Neat feature, but there is one issue. Technorati tags don’t work that way. If I wanted to search for WordPress, I would get a whole set of different results than if I had searched for Word press or even “Word Press”. Which is right? Well, the user community drives what is right so…all three. We can make the assumption that many users will enter their search terms in many different ways depending on where/how they learned about tagging.

I quote my tags. One of my friends doesn’t. Casey likes to omit spaces.

Casey is right in that Flickr did it correctly from the start. But when working with Technorati its a whole other ball game. Bsuite, in my opinion, should either leave tagging stories as the user enters them OR when displaying tags and pinging Technorati, all possibilities need to be accounted for. Luckily there are only the 3 main types:

  1. Tags with spaces
  2. Tagswithnospaces
  3. and “Tags in quotes”

I am pleased to say that option 3 – “Tags in quotes” – happily replaces all punctuation with a single space. So I could write the following and it’d all be the same:

“Tags in quotes”
“Tags+in+quotes”
“Tags-in_quotes!”
etc.

The moral of the story: There may be a correct way to implement a base feature…but when you are relying on a separate web service to manage that base feature, you need to adhere to their standards to optimize your results…and in the mean time beg them to change it. Tonight I will be meeting with Casey and hopefully bend his Bsuite Beta tag implementation to my will!

Google Blog Search

I just read about this at my friend Cliff’s blog! It seems Google now provides a Blog Search tool! Yup, a Google search geared towards blog sites. Very groovy. Google states (and yes, I’m ripping off my friend’s story…but who cares :D I reach a different audience.)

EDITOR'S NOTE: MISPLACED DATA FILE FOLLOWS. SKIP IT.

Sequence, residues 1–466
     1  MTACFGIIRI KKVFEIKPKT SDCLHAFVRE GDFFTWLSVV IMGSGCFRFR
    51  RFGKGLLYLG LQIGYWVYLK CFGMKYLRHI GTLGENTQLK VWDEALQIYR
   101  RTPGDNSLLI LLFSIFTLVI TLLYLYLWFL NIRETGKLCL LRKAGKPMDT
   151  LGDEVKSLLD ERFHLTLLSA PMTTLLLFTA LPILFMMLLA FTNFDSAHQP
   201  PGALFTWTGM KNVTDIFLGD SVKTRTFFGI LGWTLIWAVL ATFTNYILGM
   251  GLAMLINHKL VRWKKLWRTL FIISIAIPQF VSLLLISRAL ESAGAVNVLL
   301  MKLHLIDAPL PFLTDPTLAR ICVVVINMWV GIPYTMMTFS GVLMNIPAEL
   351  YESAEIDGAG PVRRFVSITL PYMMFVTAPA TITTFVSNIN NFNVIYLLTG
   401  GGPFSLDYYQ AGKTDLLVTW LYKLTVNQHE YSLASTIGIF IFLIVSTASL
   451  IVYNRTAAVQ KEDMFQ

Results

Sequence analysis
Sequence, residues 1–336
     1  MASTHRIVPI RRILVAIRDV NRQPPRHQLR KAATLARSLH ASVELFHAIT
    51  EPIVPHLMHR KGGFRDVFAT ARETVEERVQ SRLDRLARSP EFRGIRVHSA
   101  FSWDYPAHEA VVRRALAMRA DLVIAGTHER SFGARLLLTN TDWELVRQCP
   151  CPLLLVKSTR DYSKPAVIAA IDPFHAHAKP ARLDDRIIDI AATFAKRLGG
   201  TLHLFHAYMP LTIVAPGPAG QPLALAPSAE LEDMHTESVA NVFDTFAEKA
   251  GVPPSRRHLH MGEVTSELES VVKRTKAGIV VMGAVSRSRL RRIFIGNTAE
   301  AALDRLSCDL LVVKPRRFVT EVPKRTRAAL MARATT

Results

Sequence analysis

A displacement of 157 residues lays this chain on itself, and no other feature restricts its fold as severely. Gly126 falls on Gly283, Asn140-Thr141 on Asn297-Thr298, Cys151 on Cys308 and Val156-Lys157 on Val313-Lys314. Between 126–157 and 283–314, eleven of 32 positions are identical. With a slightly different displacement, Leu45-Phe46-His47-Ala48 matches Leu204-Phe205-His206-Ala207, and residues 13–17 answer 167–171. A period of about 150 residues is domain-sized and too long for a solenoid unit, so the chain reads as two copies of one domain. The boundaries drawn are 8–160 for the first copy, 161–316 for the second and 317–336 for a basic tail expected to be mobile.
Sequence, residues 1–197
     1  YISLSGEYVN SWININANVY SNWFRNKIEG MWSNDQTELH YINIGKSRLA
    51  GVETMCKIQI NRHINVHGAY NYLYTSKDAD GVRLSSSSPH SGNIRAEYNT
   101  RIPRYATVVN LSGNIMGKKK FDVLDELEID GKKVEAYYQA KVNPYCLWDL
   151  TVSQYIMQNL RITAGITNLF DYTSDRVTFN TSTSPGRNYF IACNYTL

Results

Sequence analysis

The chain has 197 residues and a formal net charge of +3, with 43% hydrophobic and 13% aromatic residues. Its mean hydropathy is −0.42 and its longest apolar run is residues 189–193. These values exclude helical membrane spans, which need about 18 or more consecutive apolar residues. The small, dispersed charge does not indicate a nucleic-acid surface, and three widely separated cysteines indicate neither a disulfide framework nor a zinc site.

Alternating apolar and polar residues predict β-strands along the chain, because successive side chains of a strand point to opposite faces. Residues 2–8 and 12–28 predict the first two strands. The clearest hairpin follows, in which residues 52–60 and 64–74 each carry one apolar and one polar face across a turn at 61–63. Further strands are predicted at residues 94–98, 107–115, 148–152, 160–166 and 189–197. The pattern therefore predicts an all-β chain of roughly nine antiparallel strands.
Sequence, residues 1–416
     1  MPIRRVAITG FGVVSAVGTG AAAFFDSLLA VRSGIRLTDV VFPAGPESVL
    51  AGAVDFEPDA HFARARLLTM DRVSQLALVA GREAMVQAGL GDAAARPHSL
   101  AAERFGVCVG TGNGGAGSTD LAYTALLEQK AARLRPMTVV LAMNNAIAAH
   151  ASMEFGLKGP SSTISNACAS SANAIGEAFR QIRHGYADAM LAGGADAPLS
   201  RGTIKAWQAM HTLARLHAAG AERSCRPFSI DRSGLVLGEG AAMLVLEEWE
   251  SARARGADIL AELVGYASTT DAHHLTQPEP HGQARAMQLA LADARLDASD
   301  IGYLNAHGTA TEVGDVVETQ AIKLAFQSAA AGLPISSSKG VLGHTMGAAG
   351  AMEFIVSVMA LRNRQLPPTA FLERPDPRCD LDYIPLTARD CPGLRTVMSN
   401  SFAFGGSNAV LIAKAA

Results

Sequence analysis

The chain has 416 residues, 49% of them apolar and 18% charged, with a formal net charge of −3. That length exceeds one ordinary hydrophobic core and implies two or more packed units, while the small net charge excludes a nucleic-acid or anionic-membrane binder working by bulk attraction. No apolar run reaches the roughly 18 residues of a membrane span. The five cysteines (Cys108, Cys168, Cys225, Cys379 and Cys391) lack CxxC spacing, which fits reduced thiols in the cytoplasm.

Blog Search is Google search technology focused on blogs. Google is a strong believer in the self-publishing phenomenon represented by blogging, and we hope Blog Search will help our users to explore the blogging universe more effectively, and perhaps inspire many to join the revolution themselves. Whether you’re looking for Harry Potter reviews, political commentary, summer salad recipes or anything else, Blog Search enables you to find out what people are saying on any subject of your choice.

Cliff does say:

After tinkering with Google Blog Search for a bit, I have to say that it seems pretty good. It’s never quite clear how Google gathers their info and ranks their sites, although they do seem to lend quite a bit of weight to tags.

I’ve played with it a bit and I definately think its the right plan. Just one more thing to add to Google’s large list of services I use!